Guest Blogged by John Gideon of VotersUnite.org
The Help America Vote Act of 2002 (HAVA) was signed into law in Oct. 2002. Amongst other things HAVA required the formation of the Election Assistance Commission (EAC) and provided some mandates, in Title III of the law, for federal elections including some standards for voting systems. Those standards include, but are not limited to, accessibility for voters with disabilities and accuracy in the vote count. Testing by experts in accessibility has shown that none of the Direct Recording Electronic (DRE, usually touch-screen) voting systems presently in use meet the requirements for accessibility for disabled voters. Failures in testing and vote counting in real elections have also proven that, at times, the voting systems presently being used across the country do not meet the federally mandated requirements for accuracy.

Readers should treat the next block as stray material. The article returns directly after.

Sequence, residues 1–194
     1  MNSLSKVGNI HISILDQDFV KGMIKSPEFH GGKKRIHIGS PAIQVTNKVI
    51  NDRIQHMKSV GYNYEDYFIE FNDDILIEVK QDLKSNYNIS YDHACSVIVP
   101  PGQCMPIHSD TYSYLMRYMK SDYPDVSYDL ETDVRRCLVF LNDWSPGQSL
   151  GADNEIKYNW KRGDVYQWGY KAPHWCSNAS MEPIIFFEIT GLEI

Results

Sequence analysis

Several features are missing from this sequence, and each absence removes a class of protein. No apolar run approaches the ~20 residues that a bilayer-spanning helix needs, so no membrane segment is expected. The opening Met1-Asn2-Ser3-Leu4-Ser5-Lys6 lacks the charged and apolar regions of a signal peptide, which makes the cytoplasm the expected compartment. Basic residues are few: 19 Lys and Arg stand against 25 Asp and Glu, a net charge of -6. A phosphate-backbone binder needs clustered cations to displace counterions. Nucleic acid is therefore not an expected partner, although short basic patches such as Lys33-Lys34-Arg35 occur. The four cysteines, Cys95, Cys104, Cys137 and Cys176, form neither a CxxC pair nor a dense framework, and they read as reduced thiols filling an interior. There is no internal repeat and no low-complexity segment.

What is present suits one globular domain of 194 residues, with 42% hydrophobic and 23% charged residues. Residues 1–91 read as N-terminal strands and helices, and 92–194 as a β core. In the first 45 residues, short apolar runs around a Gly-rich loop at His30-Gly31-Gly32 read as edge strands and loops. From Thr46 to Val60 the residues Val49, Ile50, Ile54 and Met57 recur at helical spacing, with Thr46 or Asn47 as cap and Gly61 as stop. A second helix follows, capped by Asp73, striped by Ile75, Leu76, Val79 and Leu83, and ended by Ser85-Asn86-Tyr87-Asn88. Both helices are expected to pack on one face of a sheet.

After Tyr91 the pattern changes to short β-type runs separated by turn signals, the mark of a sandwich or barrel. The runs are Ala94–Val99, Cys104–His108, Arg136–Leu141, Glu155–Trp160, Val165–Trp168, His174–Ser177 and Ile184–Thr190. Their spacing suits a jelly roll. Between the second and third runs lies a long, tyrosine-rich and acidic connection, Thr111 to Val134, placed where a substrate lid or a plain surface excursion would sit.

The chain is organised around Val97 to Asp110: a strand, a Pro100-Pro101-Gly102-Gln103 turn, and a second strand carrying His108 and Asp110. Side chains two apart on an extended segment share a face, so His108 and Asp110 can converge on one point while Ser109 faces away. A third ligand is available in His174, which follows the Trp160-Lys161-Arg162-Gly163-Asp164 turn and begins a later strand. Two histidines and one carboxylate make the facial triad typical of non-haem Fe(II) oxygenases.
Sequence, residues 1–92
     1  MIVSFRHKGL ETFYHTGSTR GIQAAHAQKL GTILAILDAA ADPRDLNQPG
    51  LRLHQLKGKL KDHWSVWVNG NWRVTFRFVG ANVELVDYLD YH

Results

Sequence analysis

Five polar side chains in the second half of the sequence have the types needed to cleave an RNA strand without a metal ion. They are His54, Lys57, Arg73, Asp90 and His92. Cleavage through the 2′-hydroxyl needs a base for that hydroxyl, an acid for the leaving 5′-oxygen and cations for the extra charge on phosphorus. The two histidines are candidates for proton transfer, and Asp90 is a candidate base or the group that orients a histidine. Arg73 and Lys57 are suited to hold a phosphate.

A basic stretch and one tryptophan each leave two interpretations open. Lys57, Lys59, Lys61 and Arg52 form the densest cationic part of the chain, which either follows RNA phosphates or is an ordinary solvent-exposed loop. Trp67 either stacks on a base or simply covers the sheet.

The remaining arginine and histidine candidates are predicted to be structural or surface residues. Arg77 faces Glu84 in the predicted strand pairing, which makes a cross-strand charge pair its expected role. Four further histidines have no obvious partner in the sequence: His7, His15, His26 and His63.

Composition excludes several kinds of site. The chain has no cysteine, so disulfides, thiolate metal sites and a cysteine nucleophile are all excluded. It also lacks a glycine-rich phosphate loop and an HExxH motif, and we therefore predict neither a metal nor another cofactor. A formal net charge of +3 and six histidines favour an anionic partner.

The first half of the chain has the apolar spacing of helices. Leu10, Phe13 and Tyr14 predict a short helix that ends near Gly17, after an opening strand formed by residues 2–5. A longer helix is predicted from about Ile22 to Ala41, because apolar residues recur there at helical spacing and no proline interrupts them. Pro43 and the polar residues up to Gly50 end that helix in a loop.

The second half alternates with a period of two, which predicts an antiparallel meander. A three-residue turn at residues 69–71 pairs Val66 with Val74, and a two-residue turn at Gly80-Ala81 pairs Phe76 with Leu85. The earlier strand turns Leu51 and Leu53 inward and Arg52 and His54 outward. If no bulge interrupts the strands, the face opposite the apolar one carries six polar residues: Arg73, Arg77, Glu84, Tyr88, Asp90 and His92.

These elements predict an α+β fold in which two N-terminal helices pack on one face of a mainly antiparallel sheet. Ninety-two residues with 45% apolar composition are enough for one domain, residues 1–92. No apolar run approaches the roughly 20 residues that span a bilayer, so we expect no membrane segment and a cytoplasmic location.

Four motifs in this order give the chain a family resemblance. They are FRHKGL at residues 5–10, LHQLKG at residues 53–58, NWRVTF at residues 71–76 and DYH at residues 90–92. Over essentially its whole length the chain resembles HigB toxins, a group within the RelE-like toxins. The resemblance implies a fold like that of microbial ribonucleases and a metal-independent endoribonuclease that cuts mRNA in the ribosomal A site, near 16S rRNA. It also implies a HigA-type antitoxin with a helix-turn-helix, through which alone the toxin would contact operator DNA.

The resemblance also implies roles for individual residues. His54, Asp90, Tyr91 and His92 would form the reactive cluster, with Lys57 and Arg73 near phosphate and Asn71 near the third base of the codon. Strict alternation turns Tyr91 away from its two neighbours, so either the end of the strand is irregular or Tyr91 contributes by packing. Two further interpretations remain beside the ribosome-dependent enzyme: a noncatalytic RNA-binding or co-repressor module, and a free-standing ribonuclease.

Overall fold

So what guidance has been provided by the EAC to the states with regards to Title III? Well, actually none. In fact even though voting systems presently in use do not meet federal law the EAC is just now getting around to issuing guidance to state and local election officials and, according to the draft of the plan ‘featured’ below, it is going to take another two years before the EAC can complete the guidance.
Why can’t they just tell the vendors and the states that the law is clear and, if they fail to follow that law, violations will be referred to the DoJ? The fact that the vendors misrepresent their products as being accessible is a clear violation of the law. It is time they are held responsible and it doesn’t take two years of studying Title III of HAVA to make that clear....